By Brooke Stobbe
Reviewed by Lila Ojha
Upon the inception of the internet and online expression, the free-flow of journalistic information was revolutionized: free and safe.
However, this freedom has been compromised, even in the United States. The Committee to Protect Journalists (CPJ) has issued the 2013 Risk List of countries jeopardized from their freedom of expression.
Most interestingly, the first country listened on the 2013 CPJ Risk List is cyberspace, justified by repeated accounts of governmental eavesdropping, surveillance and cyber attacks in countries across the globe.
Former NSA contractor Edward Snowden helped reveal massive surveillance as an international issue. Violations of digital privacy, hackers and other such cases help identify issues of violence, censorship, attacks, and other such indicators CPJ used qualify countries on their list.
The remaining countries are Egypt, Russia, Syria, Vietnam, Turkey, Bangladesh, Liberia, Ecuador and Zambia.
Four key issues surface in reading and better understanding the immense pressure journalists in these countries face: brutal violence, legislation to stifle free speech, disturbing detaining rates, and the rise and crackdown on bloggers.
Interestingly enough, these issues often relate back to the dissipation of news online. For example, absolute brutality against bloggers (the only independent reporters) in Vietnam and Bangladesh are exposed through their publications online or, cyberspace. The fear then incited from the government’s surveillance is on the online platform.
This kind of surveillance online, however, keeps stories from being told. Syria’s perilous conditions have worsened, keeping all international reporters out of the country. Even the President of Al Jazeera America Kate O’Brian said “I will not send someone to Syria… It’s just too dangerous.”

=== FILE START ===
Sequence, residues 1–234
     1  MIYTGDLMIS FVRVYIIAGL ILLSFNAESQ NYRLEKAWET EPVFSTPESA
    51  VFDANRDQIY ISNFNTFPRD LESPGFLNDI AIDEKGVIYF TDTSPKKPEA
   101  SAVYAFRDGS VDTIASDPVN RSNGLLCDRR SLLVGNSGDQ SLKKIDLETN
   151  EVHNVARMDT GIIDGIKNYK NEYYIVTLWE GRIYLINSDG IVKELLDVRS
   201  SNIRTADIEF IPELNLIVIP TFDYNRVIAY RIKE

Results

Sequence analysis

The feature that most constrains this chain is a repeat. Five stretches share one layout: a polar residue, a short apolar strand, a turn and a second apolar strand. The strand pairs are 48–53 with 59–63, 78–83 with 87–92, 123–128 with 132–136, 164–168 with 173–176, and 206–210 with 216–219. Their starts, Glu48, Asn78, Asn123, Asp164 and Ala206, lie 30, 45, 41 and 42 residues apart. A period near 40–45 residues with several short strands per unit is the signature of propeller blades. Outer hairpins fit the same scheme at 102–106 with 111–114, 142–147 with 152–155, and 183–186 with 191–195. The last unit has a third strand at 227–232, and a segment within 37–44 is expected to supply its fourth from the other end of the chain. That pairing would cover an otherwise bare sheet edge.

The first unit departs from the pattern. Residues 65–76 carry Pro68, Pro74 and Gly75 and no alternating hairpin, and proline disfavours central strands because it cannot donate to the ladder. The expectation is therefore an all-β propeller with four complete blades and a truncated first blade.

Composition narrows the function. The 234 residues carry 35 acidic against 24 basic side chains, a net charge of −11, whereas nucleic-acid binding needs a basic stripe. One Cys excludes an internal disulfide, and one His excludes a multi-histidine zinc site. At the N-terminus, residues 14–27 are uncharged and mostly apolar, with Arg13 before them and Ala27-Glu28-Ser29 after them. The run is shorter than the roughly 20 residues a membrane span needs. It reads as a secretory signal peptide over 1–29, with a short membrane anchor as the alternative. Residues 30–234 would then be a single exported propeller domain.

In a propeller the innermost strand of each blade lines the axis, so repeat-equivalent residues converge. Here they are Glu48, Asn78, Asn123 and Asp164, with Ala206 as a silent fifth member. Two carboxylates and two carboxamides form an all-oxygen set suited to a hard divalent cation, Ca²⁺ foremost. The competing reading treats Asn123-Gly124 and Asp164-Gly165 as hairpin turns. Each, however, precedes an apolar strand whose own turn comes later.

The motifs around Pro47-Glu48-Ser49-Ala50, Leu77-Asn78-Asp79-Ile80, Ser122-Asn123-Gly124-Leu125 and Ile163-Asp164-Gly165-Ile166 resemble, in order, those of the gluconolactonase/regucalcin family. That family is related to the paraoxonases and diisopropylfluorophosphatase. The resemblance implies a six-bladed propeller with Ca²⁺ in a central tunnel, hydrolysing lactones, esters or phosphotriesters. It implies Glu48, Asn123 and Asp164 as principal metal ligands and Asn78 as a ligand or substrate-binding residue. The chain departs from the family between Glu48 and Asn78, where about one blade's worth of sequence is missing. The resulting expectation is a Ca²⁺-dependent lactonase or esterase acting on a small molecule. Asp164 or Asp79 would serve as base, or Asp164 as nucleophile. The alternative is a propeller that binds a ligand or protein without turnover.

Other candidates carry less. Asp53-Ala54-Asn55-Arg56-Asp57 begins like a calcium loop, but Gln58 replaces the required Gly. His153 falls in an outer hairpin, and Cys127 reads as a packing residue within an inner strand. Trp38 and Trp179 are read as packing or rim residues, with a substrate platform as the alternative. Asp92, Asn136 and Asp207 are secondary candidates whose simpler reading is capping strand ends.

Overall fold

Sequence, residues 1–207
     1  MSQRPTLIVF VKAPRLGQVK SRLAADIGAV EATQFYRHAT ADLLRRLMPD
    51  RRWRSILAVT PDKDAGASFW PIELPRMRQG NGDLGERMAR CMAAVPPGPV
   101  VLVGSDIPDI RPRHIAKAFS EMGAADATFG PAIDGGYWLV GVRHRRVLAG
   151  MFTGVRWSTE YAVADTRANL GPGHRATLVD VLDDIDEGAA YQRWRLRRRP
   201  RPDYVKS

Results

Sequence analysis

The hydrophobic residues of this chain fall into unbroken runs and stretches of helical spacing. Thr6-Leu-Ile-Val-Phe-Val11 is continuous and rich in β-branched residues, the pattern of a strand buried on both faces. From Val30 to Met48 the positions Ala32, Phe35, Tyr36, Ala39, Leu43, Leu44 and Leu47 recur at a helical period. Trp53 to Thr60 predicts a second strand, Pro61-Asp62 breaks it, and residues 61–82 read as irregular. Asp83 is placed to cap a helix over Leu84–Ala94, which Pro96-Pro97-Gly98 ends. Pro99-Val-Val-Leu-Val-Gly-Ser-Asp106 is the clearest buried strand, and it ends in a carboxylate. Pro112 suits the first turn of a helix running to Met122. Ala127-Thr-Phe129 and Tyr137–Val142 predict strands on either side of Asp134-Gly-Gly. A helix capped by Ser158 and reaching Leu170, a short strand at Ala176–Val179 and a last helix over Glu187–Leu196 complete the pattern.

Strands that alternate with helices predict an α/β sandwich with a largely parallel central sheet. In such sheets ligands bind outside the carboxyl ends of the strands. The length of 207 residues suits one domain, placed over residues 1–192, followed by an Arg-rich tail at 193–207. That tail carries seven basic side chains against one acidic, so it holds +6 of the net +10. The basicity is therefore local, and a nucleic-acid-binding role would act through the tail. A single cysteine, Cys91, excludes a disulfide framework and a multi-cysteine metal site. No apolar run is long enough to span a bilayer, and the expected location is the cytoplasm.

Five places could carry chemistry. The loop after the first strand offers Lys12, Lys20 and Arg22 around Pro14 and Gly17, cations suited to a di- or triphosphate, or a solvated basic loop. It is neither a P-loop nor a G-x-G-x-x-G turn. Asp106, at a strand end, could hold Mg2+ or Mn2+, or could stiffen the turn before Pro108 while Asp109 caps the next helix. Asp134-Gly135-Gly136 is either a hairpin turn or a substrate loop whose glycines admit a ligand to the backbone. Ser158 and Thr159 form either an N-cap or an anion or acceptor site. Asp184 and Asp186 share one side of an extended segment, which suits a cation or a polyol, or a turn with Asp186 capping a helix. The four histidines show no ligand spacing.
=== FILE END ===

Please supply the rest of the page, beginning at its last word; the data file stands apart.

The intimidation factor is huge, with Zambia, Bangladesh, Liberia and others using criminal defamation laws to suppress publication. Egypt’s military regime and incarcerations, Vietnam’s containment, and Russia’s insistence on journalists registering as activists are just a few examples.
In Nigeria, the president’s chief secretary aide “referred to journalists as ‘terrorists,’” (pg. 214). In Turkey, journalists aren’t able to do journalism altogether “because the ones that have remained in media can’t really do proper reporting” (pg. 212).
How, then, do these fiercely opposed news organizations protect their journalists, sources, and integrity while still telling the stories, especially if the online platform now poses additional risks? When reporters can’t report, publishers are incarcerated, and citizens are silenced, the freedom to share information, across any platform, is choked, and human lives often suffer.